June 19, 2008: According to the Post, the feds broaden their investigation, and issue "a flurry of subpoenas" to Sharpton’s corporate donors.
June 20, 2008: Sharpton hires former Brooklyn US Attorney Zachary Carter to represent him.
June 2008: Sometime this month, Sharpton's organization receives a $500,000 donation from former Chancellor Harold Levy’s hedge fund, Plainfield Asset Management, passed through Joe Williams’ pro-charter group Education Reform Now. None of this is revealed, however, until almost a year later, in Juan Gonzalez’ column.
July 20, 2008: Al Sharpton pays a down payment of more than $1 million in tax debt to the IRS.
July 22, 2008: The Feds agree to drop criminal charges against Sharpton, as he has agreed to pay millions of dollars in back taxes and penalties. About a dozen of his aides who had been served with federal subpoenas will no longer be required to testify. The unpaid taxes which he has agreed to repay are believed to total anywhere between $2 million and $9 million.
August 2008: Bloomberg considers running for a third term, which will necessitate overturning term limits.
On or about Sept 20, 2008: While "testing the waters" on term limits, Bloomberg "meets personally with Sharpton.
Sometime during Sept. 2008 (?): Bloomberg gives $250,000 grant to EEP. According to the News, this is one of only two contributions that EEP received in 2008, totaling $500,000.
Sept. 30, 2008: It is reported that Bloomberg has definitely decided to overturn term limits, ignoring the results of two referenda, so he can run for a third time. The NY Times runs an editorial supporting his decision, saying “If the voters don’t like the result, they can register their views at the polls,” meaning they can choose not to vote for Bloomberg.
October 2, 2008: Bloomberg formally announces he will run for third term. The same day, National Action Network gets $50,000 from EEP.
October 8, 2008: Sharpton tells the New York Times, "I'm leaning toward those who advocate in favor of making changes in the law through a referendum. But I haven’t come to any final determination yet."
October 12, 2008: Charlie King, Sharpton’s chief of staff tells the New York Post re term limits "There are meritorious arguments on both sides of this issue, and we are taking great pains to weigh each argument."
October 17, 2008: The National Action Network receives another $60,000 payment from EEP. The same day, the NY Times reveals that the mayor and his top aides have asked leaders of community and arts organizations which have received contributions from Bloomberg and/or city funding to testify on behalf of overturning term limits during the City Council hearings.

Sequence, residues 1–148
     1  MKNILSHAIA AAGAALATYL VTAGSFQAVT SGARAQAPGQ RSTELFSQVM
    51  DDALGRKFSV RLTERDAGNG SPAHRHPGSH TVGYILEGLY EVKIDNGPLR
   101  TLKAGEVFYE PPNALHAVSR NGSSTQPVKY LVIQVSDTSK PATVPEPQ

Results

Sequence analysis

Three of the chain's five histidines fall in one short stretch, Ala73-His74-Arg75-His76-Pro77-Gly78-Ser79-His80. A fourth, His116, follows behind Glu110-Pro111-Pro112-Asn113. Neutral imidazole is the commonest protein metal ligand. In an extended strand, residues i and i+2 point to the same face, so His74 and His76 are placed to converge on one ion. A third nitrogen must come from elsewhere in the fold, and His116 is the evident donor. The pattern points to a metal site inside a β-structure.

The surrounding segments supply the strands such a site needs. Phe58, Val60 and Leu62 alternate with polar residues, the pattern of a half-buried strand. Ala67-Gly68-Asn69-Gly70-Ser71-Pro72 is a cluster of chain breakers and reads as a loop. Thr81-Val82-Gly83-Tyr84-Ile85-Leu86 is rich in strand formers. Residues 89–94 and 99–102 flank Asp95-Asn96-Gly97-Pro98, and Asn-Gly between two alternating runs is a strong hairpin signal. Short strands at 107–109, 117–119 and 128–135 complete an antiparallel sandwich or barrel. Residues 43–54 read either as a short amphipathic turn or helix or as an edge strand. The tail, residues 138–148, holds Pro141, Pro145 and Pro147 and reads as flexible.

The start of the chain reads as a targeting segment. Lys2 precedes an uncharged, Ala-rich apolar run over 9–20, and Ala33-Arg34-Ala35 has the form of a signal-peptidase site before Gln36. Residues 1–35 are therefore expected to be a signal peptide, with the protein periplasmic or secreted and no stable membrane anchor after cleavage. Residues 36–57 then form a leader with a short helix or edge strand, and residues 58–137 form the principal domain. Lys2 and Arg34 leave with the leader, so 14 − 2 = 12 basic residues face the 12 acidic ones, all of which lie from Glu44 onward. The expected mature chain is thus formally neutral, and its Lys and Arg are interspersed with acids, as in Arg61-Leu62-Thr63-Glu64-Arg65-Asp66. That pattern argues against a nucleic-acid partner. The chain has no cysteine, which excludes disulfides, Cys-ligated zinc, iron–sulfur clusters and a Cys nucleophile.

At least 11 Doe Fund employees, testified in favor of the mayor’s plan, without identifying their employer, describing themselves only as neighborhood residents. The DOE Fund also shipped homeless men to the hearings in support. It is later revealed that just weeks after the hearings, Bloomberg gave at least $5 million to the DOE Fund, and a year later, less than 48 hours before he was sworn in for a third term, another $5 million.
October 22, 2008: the NY Times runs an editorial supporting the city Council overturning term limits, despite the fact that voters voted twice to uphold the limits: “... We agree with the mayor that the Council is best positioned to quickly settle the matter. It would be technically difficult and perhaps legally problematic to organize a meaningful citywide referendum before the 2009 elections." (Just a few months later, the Times excoriates Hugo Chavez of
for proposing that voters be allowed to decide term limits through a referendum, an opportunity that NYC voters never received.) Venezuela
October 23, 2008: The City Council votes to overturn term limits 29-22.
December 8, 2008: Bloomberg hires Bradley Tusk, formerly top operative and Deputy Gov. to Rod. Blagojevich, as his campaign manager. Over the course of the year Bloomberg gives $1.3 million to the Independence Party. Of that, $750,000 was allegedly pocketed by
Queens GOP operative John Haggerty.
March 31, 2009: Juan Gonzalez of the Daily News breaks the story of the $500,000 contribution to Sharpton from Harold Levy's hedge fund, which was first laundered through Joe Williams’ pro-charter organization Education Reform Now. David Cantor tells Juan that up to that point, Klein has raised more than $1.6 million for EEP. [more than $1 million in Jan-March? From whom?]
April 1, 2009: Bloomberg appears at Sharpton’s annual
NAN conference, saying he is a “Sharpton fan.” Gov. Paterson, Sec. Duncan and Joel Klein also participate in the event.
May 7, 2009: Bloomberg, Sharpton and Gingrich meet with Duncan and Obama and announce that education reforms are the “civil rights issue of the 21st century.” The same day, the White House press secretary Robert Gibbs says the president “does not intend to make any political endorsement in the
mayor’s race.” (Obama does later make very low-key endorsement of Bill Thompson, but never campaigns on his behalf.) New York City
November 4, 2009: Bloomberg wins a third term by an unexpectedly narrow margin of 5 percent; after spending a record $110 million of his personal fortune on his campaign, more than all other donations for all NY state elected officials combined.
And that's only the campaign spending that is officially reported!